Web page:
Mitsubishi touts its warranty as the best in the auto business. It runs for 10 years or 100,000 miles for powertrain components, along with a general warranty of five years or 60,000 miles that covers the rest of the auto, transferable to second owners.
The Eclipse Cross starts at a list price of $24,290 for a basic, front-wheel-drive variation. You can get Super All-Wheel Control with that basic version for an additional $600. Or you can purchase a higher trim level of the Cross, starting at a list of $25,890 and bringing in added features and fancier dress, the touch-pad communication controller, and Super All-Wheel Control as standard equipment.
“It’s opening up the eyes of people who never considered a Mitsubishi before,” said Michaud.
The evaluation model I drove opened my eyes with its slick and sporty shape. Slanted, sculpted-in ridges and grooves along its sides and an uptilt to its tapering side glass appear to raise the vehicle’s hind end. Along with its pointy front tip, the high-back illusion gives the Eclipse Cross an urgent forward stance. Mitsubishi designed the model to have the aggressive attitude of a sporty coupe, paying homage to its famed Eclipse car years ago. The effort shows.
The company’s emphasis on appealing design carries into the cabin. Mitsubishi claims that the Eclipse Cross represents a new high-point in the company’s cabin design.
I noticed the new emphasis immediately. Piano-key black upholstery and surface coverings, outlined and accented by long metallic trim strips, created eye-appeal in an interior I found comfortable and accommodating. Instrument layout and appearance reflected both a regard for aesthetics and for easy operation.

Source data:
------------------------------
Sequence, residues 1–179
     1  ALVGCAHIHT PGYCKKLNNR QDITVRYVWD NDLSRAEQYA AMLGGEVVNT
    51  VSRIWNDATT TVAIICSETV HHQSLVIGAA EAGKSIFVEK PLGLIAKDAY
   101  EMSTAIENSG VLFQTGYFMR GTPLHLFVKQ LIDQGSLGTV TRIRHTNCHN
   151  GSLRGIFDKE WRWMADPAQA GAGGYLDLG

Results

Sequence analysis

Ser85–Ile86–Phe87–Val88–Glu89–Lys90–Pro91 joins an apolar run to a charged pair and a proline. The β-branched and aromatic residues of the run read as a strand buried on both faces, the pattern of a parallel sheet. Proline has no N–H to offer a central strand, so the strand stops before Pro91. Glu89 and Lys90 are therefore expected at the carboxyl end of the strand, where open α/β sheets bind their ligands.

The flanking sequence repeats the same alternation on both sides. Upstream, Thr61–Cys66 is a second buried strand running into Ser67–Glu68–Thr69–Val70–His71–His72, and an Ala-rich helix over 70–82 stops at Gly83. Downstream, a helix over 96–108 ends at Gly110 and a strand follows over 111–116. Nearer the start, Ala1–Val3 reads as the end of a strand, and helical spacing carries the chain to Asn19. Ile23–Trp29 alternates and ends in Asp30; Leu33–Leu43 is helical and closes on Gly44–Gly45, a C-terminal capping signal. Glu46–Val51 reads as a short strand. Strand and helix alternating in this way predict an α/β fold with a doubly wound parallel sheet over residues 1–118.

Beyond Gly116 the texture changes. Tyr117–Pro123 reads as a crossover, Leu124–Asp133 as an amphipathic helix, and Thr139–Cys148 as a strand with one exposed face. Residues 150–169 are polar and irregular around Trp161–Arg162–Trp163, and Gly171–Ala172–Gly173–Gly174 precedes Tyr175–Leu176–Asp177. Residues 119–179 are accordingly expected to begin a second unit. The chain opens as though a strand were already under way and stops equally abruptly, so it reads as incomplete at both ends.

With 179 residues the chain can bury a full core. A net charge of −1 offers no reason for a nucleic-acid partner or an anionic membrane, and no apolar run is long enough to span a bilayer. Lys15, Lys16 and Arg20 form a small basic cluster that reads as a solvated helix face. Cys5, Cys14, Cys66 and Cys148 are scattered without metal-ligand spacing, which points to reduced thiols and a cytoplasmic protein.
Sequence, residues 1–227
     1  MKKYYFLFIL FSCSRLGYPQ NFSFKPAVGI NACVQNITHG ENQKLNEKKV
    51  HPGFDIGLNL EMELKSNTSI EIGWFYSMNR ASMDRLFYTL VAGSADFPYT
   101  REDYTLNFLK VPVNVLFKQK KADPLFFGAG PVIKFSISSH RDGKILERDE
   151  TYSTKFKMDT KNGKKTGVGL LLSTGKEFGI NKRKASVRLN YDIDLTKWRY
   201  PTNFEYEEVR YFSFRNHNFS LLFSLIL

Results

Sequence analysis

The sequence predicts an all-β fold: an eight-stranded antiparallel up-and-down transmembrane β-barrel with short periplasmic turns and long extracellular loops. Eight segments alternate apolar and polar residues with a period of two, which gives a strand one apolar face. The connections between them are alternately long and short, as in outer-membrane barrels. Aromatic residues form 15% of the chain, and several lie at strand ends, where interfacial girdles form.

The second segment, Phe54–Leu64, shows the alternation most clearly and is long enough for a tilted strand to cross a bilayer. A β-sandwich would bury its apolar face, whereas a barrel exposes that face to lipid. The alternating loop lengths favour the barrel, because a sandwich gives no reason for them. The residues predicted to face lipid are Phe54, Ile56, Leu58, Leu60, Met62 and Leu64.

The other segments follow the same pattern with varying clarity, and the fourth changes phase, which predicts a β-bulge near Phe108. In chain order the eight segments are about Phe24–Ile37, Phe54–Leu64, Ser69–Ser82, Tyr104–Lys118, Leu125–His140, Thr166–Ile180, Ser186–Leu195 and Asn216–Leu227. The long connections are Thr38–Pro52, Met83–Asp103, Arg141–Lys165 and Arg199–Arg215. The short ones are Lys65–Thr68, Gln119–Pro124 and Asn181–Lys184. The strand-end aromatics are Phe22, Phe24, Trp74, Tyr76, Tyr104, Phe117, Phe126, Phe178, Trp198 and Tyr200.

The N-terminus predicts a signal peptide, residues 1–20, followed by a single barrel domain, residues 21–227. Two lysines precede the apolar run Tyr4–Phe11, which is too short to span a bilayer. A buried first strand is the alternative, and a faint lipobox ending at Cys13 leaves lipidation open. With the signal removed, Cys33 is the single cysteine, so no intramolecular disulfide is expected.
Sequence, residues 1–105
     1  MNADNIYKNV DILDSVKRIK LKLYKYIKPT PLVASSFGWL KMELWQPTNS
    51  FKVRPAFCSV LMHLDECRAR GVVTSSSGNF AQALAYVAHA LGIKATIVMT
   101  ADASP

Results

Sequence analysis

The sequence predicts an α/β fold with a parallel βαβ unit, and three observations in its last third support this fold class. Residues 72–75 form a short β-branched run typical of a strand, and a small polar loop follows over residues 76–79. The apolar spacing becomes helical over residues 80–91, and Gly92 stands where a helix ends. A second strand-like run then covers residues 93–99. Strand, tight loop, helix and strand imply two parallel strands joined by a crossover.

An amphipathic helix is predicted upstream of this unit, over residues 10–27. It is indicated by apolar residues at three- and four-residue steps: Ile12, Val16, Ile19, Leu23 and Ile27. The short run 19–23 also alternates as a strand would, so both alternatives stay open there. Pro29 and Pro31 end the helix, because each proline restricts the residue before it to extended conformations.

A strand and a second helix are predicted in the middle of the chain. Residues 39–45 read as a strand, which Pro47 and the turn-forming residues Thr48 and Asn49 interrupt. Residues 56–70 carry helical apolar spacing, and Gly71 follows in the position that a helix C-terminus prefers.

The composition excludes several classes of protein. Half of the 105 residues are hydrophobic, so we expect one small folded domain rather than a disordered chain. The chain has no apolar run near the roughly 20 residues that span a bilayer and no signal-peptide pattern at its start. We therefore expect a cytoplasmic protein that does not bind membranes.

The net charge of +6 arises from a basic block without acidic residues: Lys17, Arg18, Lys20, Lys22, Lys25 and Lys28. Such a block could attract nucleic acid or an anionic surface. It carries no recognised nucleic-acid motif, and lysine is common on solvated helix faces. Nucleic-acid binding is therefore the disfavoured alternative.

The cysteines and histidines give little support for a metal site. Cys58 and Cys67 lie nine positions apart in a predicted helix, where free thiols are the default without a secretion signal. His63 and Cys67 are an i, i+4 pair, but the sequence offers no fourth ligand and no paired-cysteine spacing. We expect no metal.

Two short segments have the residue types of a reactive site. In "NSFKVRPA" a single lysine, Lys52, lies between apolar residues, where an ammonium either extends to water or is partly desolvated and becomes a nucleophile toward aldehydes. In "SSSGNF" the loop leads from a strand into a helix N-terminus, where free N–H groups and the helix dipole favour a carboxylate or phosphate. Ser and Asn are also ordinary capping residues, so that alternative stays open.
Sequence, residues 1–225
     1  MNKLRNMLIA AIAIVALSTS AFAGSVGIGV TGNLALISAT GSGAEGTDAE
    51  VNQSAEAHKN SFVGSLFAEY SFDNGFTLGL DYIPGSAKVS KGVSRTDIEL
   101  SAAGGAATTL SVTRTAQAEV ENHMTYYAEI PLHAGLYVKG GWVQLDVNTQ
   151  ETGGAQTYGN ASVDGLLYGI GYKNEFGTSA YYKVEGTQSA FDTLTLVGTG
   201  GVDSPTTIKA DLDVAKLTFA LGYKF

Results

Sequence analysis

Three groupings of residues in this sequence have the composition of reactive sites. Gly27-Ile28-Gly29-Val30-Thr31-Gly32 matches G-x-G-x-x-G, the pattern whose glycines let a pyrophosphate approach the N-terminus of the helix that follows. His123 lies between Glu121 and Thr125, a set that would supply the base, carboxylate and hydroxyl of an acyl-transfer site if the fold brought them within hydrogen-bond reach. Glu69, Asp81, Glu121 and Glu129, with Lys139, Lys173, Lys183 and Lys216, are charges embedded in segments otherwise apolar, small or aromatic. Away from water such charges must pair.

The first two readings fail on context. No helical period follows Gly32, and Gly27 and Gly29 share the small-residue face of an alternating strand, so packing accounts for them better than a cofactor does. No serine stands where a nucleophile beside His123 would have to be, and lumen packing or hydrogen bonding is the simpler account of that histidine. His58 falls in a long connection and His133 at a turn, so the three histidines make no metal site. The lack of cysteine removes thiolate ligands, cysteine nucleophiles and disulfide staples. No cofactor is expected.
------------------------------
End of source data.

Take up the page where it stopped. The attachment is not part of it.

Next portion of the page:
A turbocharged four-cylinder engine gives the Eclipse Cross 184 pound-feet of torque, which supplies a suitable amount of off-the-mark energy to make the crossover hop energetically.
The model’s continuously variable automatic transmission operated smoothly and responsively during my seven-day evaluation. I never experienced the sensations of slip and hesitation, and I never heard the whirring windups, that annoy me in other continuously variable transmissions (CVTs).
But through my experience with the Cross, its greatest asset turned out to be its Super All-Wheel Control system, which Mitsubishi calls S-AWC. In most crossovers with all-wheel drive, the system apportions power between front and back only. The S-AWC system distributes driving torque not just front and back, but also left and right.
The difference showed when the Eclipse Cross stuck to the road during my first experience on snow this season.
Jeffrey Zygmont is an author of fiction, non-fiction and poetry books, and a long-time auto writer. Contact him at www.jeffreyzygmont.com.
2019 Mitsubishi Eclipse Cross
Vehicle type: 4-door, 5-passenger, front- and all-wheel-drive crossover utility vehicle
Price range: $24,290 to $31,390 (plus options)
Warranty: 5 years/60,000 miles basic warranty; 10 years/100,000 miles powertrain warranty; 7 years/100,000 miles corrosion warranty; 5 years/unlimited miles roadside assistance
Engine: 1.5-liter turbocharged I4
Power: 152 horsepower at 5,500 rpm; 184 lb.-ft. torque at 2,000 rpm
Transmission: continuously variable automatic
Fuel economy: 25 mpg city; 28 mpg highway (with AWD)
Wheelbase: 105 inches
Length: 173 inches
Width: 71 inches
Height: 66 inches
Weight: 3,307 pounds
Fuel capacity: 16.6 gallons
Turning circle: 34.8 ft.